• 5 out of 55 out of 55 out of 55 out of 55 out of 5 Chelsea Bunton | 11/29/2013

    " More people should read this book! "

  • 5 out of 55 out of 55 out of 55 out of 55 out of 5 Kev | 11/4/2013

    " I love this book. I can't say anything that hasn't already been said. Just read it. "

  • 4 out of 54 out of 54 out of 54 out of 54 out of 5 Gregor | 11/27/2012

    " I give credit to Darwin for giving us the insight to evolution of the species of course in a different way Lamarck did 50 years before. In my opinion both of them are equally important in understanding how life evolved. "

  • 5 out of 55 out of 55 out of 55 out of 55 out of 5 Teiana | 10/22/2012

    " Darwin's work is genius! No other words can explain him or this book. "

  • 3 out of 53 out of 53 out of 53 out of 53 out of 5 Lindsay | 9/21/2012

    " This is a fascinating read, and it's amazing how Darwin came to his conclusions before the identification of DNA and genetics. Wonderful from both an historical and scientific viewpoint. "

  • 5 out of 55 out of 55 out of 55 out of 55 out of 5 Melissa Jackson | 8/1/2012

    " Darwin's delicate and precise passion for nature and his Natural Selection are at once incredible and endearing to read. (Not to mention scientifically beneficial.) Gracious, I love Charles Darwin. "

  • 4 out of 54 out of 54 out of 54 out of 54 out of 5 Jinger | 1/8/2012

    " Yes, I'm a science nerd. As such, I really enjoyed this book, but not as light "bedtime reading". It falls into a different category of books I enjoy that I lovingly refer to as my "nerd shelf". "

  • 5 out of 55 out of 55 out of 55 out of 55 out of 5 Jpdsm | 10/21/2011

    " i don't know, something about pigeons "

  • 4 out of 54 out of 54 out of 54 out of 54 out of 5 Gregor | 6/6/2011

    " I give credit to Darwin for giving us the insight to evolution of the species of course in a different way Lamarck did 50 years before. In my opinion both of them are equally important in understanding how life evolved. "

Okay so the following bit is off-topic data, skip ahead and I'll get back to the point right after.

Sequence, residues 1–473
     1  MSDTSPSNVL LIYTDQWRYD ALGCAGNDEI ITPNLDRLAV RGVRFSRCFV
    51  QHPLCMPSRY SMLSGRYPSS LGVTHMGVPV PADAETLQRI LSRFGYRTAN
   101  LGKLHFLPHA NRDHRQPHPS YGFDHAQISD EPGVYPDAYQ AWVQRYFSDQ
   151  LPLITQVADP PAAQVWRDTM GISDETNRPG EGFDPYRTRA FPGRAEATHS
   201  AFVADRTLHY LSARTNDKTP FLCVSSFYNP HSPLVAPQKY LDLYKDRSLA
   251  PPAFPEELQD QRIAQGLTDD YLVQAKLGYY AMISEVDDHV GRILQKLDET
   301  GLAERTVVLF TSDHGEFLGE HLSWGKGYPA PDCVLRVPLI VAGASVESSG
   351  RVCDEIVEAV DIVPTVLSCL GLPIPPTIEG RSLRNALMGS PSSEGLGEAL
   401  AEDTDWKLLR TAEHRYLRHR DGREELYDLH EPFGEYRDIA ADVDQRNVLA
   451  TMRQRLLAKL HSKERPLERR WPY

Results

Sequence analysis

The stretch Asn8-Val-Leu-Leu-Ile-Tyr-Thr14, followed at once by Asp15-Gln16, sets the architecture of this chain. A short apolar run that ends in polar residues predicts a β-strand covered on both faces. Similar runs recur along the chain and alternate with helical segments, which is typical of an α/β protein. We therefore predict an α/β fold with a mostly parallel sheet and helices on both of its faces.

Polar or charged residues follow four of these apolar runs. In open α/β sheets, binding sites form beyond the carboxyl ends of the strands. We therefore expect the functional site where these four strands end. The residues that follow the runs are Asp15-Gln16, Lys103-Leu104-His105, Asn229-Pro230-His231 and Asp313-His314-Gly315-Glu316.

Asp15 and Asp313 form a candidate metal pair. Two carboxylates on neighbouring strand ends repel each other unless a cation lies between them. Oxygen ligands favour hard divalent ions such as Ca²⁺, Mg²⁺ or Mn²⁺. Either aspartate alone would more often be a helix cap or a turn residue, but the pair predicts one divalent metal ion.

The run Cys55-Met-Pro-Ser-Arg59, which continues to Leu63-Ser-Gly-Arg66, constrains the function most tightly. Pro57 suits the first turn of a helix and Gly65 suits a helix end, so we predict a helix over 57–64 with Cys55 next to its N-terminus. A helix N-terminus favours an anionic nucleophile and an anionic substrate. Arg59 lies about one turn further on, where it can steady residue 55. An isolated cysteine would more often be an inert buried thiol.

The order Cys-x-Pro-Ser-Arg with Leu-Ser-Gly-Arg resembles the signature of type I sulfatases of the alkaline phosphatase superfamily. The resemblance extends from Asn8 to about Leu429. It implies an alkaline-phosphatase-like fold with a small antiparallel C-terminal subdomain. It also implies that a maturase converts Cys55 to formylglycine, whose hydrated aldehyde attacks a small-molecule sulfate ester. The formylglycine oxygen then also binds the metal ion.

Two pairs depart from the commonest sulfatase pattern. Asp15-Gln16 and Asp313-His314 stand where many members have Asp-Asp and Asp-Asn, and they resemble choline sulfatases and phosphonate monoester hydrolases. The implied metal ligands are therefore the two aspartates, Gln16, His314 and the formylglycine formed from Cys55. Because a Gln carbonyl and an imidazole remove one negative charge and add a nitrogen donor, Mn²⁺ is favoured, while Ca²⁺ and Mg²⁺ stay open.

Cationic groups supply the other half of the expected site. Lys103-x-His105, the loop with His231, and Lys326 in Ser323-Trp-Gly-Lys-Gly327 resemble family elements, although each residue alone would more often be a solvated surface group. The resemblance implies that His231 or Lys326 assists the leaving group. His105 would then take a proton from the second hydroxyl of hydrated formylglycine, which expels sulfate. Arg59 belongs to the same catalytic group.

• 5 out of 55 out of 55 out of 55 out of 55 out of 5 Marcus | 5/31/2011

    " This is not only a milestone of science, I think it's also a genuinely great read. "

  • 4 out of 54 out of 54 out of 54 out of 54 out of 5 Taylor | 4/23/2011

    " Certainly one of the most influential works of recent history, Darwin is most engaging here as a scientist, most questionable as a philosopher. "

  • 3 out of 53 out of 53 out of 53 out of 53 out of 5 Matthew | 4/6/2011

    " Took me forever to read, but I feel a better person for it. As expected, it appealed to every scientific cell in my body. It makes sense through logic and evidence. "

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About the Author
Author Charles Darwin

Charles Darwin (1809–1882) was an English naturalist and the first evolutionary biologist, best known for his controversial and groundbreaking The Origin of Species. He introduced the concept of natural selection, marking a new epoch in the scientific world. The importance of his work was well recognized by his contemporaries; he was elected to the Royal Society and the French Academy of Sciences and was also honored by burial in Westminster Abbey after he died.

About the Narrator

Frederick Davidson (1932–2005), also known as David Case, was one of the most prolific readers in the audiobook industry, recording more than eight hundred audiobooks in his lifetime, including over two hundred for Blackstone Audio. Born in London, he trained at the Royal Academy of Dramatic Art and performed for many years in radio plays for the British Broadcasting Company before coming to America in 1976. He received AudioFile’s Golden Voice Award and numerous Earphones Awards and was nominated for a Grammy for his readings.